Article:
CASCOM helps take Soldiers to the front lines and beyond
Matt MacLaughlin, branch chief of the Technology Integration Branch at the Combined Arms Support Command at Fort Lee, Va., reviews the newest version of Soldiers magazine. MacLaughlin and his team just completed the mobile web platform for Soldiers magazine to keep the readers informed. The final product is available for viewing at www.scoop.it/t/soldier-magazine. Photo by Jamie L. Carson, Combined Arms Support Command Public Affairs Office.

FORT LEE, Va. -- Soldiers magazine closed the cover on its final print publication this fall however, that was not the end for the Army's flagship magazine. Instead with the help of the Combined Arms Support Command, it was a new beginning and a venture into the "new wild west of mobile web publications," said Matt MacLaughlin, chief of the CASCOM Technology Integration Branch.

Earlier this year, the staff at Soldiers magazine was informed the funding for the publication would cease at the end of fiscal year 2011. This budget related decision was made across all of the service-level publications to include Marines magazine, All Hands and Airmen, said Carrie McLeroy, Soldiers editor in chief.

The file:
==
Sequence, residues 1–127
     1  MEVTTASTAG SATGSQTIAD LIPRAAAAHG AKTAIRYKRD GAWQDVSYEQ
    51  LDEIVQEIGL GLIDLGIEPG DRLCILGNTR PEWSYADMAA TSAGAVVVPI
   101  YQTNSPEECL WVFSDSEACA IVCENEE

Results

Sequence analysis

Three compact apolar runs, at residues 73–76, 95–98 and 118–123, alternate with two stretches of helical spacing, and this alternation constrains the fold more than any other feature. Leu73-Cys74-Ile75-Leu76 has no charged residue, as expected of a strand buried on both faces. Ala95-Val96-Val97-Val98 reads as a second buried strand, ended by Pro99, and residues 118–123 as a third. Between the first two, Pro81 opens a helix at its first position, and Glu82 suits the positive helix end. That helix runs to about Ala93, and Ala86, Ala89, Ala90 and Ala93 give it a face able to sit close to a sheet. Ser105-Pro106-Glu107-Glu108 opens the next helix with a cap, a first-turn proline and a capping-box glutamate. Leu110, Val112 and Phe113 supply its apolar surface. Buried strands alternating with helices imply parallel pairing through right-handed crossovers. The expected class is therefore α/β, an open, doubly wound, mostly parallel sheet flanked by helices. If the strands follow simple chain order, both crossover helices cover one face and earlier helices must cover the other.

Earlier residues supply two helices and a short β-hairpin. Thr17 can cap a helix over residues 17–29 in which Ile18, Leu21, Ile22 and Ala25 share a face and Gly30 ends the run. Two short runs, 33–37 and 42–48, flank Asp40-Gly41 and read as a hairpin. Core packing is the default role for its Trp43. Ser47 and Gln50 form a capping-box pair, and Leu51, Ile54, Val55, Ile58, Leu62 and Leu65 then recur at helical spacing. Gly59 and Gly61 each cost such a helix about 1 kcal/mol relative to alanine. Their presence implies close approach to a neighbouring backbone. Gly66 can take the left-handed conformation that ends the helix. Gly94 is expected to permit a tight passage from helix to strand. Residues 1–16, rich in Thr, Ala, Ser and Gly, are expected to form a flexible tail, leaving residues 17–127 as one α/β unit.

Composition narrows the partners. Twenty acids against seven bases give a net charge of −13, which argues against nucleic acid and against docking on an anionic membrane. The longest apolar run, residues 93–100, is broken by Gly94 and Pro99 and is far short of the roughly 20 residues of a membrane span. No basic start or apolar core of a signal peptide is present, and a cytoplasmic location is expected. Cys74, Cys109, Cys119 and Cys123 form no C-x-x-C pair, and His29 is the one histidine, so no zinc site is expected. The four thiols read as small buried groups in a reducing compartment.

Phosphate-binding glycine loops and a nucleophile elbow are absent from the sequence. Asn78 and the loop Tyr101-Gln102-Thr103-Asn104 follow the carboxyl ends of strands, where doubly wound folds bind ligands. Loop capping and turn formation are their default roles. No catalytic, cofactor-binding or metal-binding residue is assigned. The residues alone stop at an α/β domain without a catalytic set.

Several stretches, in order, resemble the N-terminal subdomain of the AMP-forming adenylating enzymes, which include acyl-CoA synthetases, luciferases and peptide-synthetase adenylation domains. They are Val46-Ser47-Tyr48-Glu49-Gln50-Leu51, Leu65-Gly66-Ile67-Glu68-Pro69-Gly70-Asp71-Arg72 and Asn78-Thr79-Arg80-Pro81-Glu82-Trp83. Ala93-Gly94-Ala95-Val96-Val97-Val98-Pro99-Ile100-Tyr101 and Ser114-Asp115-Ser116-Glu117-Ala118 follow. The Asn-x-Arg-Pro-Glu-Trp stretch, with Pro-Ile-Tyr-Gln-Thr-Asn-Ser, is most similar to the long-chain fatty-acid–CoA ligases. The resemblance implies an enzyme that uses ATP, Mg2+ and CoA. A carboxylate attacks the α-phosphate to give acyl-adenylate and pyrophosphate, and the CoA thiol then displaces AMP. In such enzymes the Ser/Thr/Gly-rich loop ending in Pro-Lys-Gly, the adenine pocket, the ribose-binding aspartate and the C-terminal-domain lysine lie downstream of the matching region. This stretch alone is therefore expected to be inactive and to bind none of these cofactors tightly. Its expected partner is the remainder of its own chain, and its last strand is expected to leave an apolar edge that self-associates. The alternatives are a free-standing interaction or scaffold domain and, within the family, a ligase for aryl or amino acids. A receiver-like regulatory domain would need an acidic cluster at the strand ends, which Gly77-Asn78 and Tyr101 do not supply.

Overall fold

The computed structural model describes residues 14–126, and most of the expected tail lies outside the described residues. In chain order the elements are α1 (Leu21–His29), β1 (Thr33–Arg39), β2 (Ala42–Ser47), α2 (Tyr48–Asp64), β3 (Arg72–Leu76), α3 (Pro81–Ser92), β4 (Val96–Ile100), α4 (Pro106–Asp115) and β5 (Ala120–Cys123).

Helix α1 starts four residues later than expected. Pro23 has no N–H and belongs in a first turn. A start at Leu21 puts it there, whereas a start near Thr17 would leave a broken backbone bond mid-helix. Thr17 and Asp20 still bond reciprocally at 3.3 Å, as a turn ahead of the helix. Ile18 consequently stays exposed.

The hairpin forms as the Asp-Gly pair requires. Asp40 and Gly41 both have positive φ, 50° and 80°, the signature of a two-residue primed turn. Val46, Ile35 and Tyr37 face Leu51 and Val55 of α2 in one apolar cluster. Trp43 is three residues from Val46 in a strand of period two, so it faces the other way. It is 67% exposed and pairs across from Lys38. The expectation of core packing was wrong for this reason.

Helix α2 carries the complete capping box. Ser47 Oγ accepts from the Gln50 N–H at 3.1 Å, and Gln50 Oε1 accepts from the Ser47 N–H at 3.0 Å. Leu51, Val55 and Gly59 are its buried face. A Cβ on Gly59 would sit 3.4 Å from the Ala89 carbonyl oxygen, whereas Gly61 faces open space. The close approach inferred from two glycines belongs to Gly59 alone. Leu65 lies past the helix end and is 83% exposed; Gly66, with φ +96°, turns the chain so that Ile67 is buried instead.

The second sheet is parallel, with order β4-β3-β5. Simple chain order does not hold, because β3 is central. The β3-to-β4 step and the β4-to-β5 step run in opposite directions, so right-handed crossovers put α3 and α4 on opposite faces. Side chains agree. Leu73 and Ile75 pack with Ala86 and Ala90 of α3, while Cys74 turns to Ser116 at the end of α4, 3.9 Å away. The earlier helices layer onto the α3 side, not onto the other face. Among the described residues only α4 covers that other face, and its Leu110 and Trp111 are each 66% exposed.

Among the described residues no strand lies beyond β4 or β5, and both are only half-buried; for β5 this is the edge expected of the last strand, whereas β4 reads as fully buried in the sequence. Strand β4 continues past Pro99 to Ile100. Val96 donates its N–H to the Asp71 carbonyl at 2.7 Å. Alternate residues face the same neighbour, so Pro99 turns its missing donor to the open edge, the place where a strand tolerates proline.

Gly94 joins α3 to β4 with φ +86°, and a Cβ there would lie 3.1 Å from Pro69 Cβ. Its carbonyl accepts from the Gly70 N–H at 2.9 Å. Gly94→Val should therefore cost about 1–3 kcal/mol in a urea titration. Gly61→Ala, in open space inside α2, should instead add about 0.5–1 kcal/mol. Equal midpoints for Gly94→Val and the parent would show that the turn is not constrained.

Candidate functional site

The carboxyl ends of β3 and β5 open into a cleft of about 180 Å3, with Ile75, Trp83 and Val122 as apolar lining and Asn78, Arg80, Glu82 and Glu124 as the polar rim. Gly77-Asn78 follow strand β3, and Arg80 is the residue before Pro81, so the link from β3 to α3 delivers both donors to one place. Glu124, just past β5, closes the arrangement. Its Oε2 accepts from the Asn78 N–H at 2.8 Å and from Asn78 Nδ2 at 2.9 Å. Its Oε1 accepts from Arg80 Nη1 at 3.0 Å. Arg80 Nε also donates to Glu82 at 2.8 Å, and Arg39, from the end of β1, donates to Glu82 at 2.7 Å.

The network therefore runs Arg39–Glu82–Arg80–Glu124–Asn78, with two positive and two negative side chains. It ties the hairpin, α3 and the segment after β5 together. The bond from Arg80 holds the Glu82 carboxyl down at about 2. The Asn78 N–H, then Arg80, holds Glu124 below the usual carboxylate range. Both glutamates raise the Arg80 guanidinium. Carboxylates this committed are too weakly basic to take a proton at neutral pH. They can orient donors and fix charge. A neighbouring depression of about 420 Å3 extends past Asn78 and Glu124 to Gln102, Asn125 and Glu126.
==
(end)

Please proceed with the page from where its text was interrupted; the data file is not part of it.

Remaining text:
Soldiers magazine already had an established online presence through multiple platforms connected to army.mil, dodlive.mil and social media such as Facebook, Twitter and YouTube. But McLeroy was searching for a way to intertwine all of these products and further bring the magazine to the masses. The answer came in the form of a mobile application, which will provide it's readership with a more interactive experience.

The reputation of MacLaughlin and his tech-savvy crew reached McLeroy after the CASCOM team created an app for the Army Office of the Chief of Public Affairs' Online and Social Media Division.

Working in the command headquarters at Fort Lee, Va., MacLaughlin and his team's primary mission is to develop technological advancements in training such as simulation programs. But once word spread through the Army grapevine about how they could design, build and integrate a versatile mix of capabilities, the team has been fielding requests from numerous organizations and other military services.

"We are focused on our command mission, but we also see the need to assist organizations when the impact will aid in overall leader and force development," said MacLaughlin.

CASCOM, which is part of the Training and Doctrine Command, is a multifunctional organization which oversees Army combat development, doctrine development, initial military training, and leader development for logistics, human resources and finance.

The TIB's ability to assist Soldiers across today's Army is far reaching especially through the means of technology.

"We were excited about this project with Soldiers magazine. The magazine is all about Soldiers, just like the title implies, so of course we wanted to assist them," said MacLaughlin.

After much discussion and concept development, the team began in May to create a mobile platform that would allow Soldiers' readership more interaction with the publication.

From concept to publishing online, the process took several months.